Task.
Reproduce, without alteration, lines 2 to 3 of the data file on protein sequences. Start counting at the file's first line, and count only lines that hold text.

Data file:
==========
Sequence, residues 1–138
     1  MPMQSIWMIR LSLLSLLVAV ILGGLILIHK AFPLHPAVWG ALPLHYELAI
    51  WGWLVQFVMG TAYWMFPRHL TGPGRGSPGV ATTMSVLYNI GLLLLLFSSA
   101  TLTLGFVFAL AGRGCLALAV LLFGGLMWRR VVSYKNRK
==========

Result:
     1  MPMQSIWMIR LSLLSLLVAV ILGGLILIHK AFPLHPAVWG ALPLHYELAI
    51  WGWLVQFVMG TAYWMFPRHL TGPGRGSPGV ATTMSVLYNI GLLLLLFSSA